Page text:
Morning Report – Waiting on the Fed, Household formation hits mid 90s lows 10/29/14

Markets are flattish this morning as we await the Fed. Bonds and MBS are flat.

Mortgage Applications fell 6.6% last week as rates rose. Purchases fell 5% while refis fell 7.4%. The 30 year fixed rate mortgage rose to 4.13% from 4.1%.

The market’s reaction to today’s FOMC statement may well hinge on two words: “considerable time” – meaning the market wants to hear that the Fed will keep rates abnormally low for a considerable time after unemployment hits the Fed’s target. I doubt the Fed takes James Bullard’s advice and maintains QE – they have already said they intend to end it at this meeting, and I don’t think they want to risk their credibility. I also think they want to end QE in order to clear the decks for monetary policy normalization.

The homeownership rate ticked down in the third quarter from 64.7% to 64.4%. Household formation was roughly flat. We are pretty much back at levels not seen since the Clinton Administration began its big push to increase home ownership early in its administration.What is going on? Tight credit and a weak labor market is keeping the Millennial generation renting instead of buying. Median asking rents continue to rise and are now around $756. The P&I payment on the median house versus at the current 30 year fixed rate with 20% down is $796.

Ultimately, the number of 25-34 year olds is outpacing the growth in housing stock, as housing starts remain stubbornly around 1 million units per year. Median rents keep increasing due to tight housing supply – eventually the value proposition of buying versus renting becomes too big to ignore.

13 Responses

  1. Worth noting here:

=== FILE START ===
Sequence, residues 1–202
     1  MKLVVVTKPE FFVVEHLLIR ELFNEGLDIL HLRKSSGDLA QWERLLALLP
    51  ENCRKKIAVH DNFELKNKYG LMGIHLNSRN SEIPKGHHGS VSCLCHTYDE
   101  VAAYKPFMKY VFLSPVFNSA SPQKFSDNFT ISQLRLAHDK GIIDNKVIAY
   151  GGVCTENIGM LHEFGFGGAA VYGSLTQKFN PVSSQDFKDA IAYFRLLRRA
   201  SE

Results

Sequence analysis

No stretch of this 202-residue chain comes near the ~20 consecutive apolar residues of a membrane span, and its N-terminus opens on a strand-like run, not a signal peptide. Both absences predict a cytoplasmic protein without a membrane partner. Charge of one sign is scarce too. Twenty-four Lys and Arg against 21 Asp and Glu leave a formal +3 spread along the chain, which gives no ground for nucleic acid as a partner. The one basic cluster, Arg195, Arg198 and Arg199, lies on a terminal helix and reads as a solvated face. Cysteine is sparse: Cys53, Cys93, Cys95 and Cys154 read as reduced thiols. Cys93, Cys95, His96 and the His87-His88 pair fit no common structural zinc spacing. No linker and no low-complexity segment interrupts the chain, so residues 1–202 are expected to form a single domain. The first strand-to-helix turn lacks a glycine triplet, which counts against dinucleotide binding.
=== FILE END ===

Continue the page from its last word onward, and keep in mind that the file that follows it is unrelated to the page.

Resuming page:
“Nothing in Moderation
    Thomas B. Edsall
    OCT. 28, 2014

    What if the notion that a large segment of the electorate is made up of moderates who hunger for centrist compromise is illusory? What if ordinary voters are, in many respects, even more extreme in their views than members of Congress?”


    • jnc:

      Worth noting here:

      That was interesting.

      BTW, I think the fact that there seems to be more left-leaning “extremists” than right-leaning “extremists” supports my belief that the nation’s politics have definitely moved to the left of where it has historically existed, not to the right as is so often alleged.

      Also, with regards to his conclusion:

      In other words, Americans can look forward to a recurrence of public dissatisfaction for which there is no remedy and to intractable conflict among elites resulting in the inability of either side to enact a durable agenda.

      Sure there is a remedy. Divorce.


    • JNC, I am willing to accept that Americans are all over the place on an issue by issue basis. The same person might say “shoot them at the border” and “soak the rich”. These people should not be elected to office, needless to say.

      Scott, dividing the nation based on the findings that Americans are inconsistently wildly left and right would cause imminent and irreversible harm to many hypothetical persons in the study JNC’s link cited.

      I think the UK’s devolution movement bears watching. It might have lessons for a gradual devolution movement here at home.


      • Mark:

        Scott, dividing the nation based on the findings that Americans are inconsistently wildly left and right…